Photo credit: Pablo Tosco/Oxfam

On November 28, the Food Security Portal will be presenting a side event at the IFPRI-FAO conference on Accelerating the End of Hunger and Malnutrition.

The FSP event will focus on the importance of information, specifically early warning and early action systems, to prevent and respond to food security crises. Panelists will include representatives from IFPRI, FAO, UNHCR, CILSS, INERA, and government ministries.

Photo credit: Michael Coghlan

Unsafe food poses a significant threat to human health and well-being and can hamper agricultural transformation, market integration, and economic development. Populations in low- and middle-income countries are often hardest hit by the effects of unsafe food, with countries in South Asia, Southeast Asia, and Africa south of the Sahara accounting for 53 percent of all foodborne illnesses and 75 percent of related deaths.

By: Sophie Theis and Elena Martinez
This piece originally appeared on the IFPRI.org blog

After many years of rapid growth, serious trade tensions have emerged between the United States and China. Since open trade is key to avoiding significant economic and environmental costs and help ensuring food security and nutrition, the ongoing trade conflicts have the potential for disastrous outcomes, as China and the US are key players in global agricultural trade.

The challenges facing global food security continue to increase, driven by ongoing conflict and climate shocks. According to the 2018 State of Food Security and Nutrition in the World Report (released last week by FAO, IFAD, UNICEF, WFP, and WHO), 821 million people were undernourished around the world in 2017; this represents a further rise from the 815 million estimated by the 2017 report. This troubling rise in undernourishment reverses progress seen over the past decade.

The FAO Crop Prospects and Food Situation Report for the second quarter of 2018 reports that 39 countries are currently in need of food assistance. Thirty-one of those countries are in Africa, seven are in Asia, and one is in Latin America and the Caribbean. Persistent conflict remain the leading driver of these needs. In addition, weather shocks have also limited food access and availability in the affected countries, in some cases severely.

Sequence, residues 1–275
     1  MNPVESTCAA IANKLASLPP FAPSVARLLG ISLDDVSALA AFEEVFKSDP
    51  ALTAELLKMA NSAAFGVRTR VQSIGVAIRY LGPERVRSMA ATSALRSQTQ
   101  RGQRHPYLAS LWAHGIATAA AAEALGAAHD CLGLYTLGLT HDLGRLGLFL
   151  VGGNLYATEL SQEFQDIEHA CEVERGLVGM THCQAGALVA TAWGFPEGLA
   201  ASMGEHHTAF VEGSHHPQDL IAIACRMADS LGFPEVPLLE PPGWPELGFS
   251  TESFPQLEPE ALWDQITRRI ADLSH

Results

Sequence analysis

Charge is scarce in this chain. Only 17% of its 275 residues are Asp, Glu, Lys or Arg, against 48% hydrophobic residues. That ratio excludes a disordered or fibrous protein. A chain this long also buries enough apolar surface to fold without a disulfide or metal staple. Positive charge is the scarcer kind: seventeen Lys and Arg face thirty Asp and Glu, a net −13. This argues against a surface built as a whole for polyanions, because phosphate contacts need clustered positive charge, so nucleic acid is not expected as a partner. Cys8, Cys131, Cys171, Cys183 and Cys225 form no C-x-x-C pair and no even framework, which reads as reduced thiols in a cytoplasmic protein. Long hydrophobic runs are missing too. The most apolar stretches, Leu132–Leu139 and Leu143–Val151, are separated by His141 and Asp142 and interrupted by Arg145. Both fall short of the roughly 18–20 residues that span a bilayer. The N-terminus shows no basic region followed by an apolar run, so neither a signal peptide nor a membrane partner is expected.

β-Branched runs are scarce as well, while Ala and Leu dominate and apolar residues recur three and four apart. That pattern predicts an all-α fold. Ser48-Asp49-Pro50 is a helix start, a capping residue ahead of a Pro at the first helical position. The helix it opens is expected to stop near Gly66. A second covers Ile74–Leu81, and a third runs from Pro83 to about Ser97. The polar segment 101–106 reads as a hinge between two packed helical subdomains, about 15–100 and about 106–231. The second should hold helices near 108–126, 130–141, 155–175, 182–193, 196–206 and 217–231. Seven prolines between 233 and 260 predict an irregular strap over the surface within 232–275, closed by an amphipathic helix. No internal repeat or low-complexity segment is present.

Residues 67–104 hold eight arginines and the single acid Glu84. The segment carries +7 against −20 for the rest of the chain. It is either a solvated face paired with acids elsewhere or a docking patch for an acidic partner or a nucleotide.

Photo Credit: PROEmilio Küffer

Global wheat and maize prices rose for the third consecutive month in March, according to the latest FPMA Bulletin from FAO. This increase brings prices more than 10 percent above their December 2017 levels.

Prolonged dry weather in the United States drove much of the price increases for wheat, as did concerns about cold and wet weather in some parts of Europe. Dry weather in Argentina contributed to maize price increases. Global demand for these commodities also remained strong in March, further driving up prices.

The world’s urgent humanitarian assistance needs continued to grow in 2017, according to the 2018 Global Report on Food Crises. An estimated 124 million people across 51 countries currently face crisis-level or worse food insecurity, up from 104 million people across 48 countries in 2016.

Photo Credit: Jamed Falik/IFPRI

The world will continue to face major challenges from political and economic uncertainty, conflict, and climate change in 2018 and beyond, and the rising trend of anti-globalization in some developed countries could hamper the ability of policymakers to respond to these challenges. The result could be slowed progress toward the Sustainable Development Goals (SDGs) and food and nutrition security, especially in developing countries.

Photo Credit: IFPRI/Farha Khan

The latest version of FAO’s Monthly Report on Food Price Trends (FPMA) was recently released. The February report shows global cereal prices have increased overall since the start of 2018.

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